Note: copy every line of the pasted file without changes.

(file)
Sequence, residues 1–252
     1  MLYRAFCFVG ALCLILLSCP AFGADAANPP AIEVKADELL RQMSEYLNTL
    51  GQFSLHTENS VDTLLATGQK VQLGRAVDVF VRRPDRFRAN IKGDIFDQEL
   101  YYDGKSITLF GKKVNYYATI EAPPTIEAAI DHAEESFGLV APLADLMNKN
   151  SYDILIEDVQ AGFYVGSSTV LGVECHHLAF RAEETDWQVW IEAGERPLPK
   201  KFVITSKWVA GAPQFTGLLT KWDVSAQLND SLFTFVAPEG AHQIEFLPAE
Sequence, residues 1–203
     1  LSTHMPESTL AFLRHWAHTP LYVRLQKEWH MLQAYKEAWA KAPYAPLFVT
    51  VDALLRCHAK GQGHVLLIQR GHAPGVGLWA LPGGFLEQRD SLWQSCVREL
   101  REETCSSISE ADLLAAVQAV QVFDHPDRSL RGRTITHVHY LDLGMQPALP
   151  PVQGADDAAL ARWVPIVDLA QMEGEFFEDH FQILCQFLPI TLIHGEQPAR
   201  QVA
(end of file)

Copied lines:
Sequence, residues 1–252
     1  MLYRAFCFVG ALCLILLSCP AFGADAANPP AIEVKADELL RQMSEYLNTL
    51  GQFSLHTENS VDTLLATGQK VQLGRAVDVF VRRPDRFRAN IKGDIFDQEL
   101  YYDGKSITLF GKKVNYYATI EAPPTIEAAI DHAEESFGLV APLADLMNKN
   151  SYDILIEDVQ AGFYVGSSTV LGVECHHLAF RAEETDWQVW IEAGERPLPK
   201  KFVITSKWVA GAPQFTGLLT KWDVSAQLND SLFTFVAPEG AHQIEFLPAE
Sequence, residues 1–203
     1  LSTHMPESTL AFLRHWAHTP LYVRLQKEWH MLQAYKEAWA KAPYAPLFVT
    51  VDALLRCHAK GQGHVLLIQR GHAPGVGLWA LPGGFLEQRD SLWQSCVREL
   101  REETCSSISE ADLLAAVQAV QVFDHPDRSL RGRTITHVHY LDLGMQPALP
   151  PVQGADDAAL ARWVPIVDLA QMEGEFFEDH FQILCQFLPI TLIHGEQPAR
   201  QVA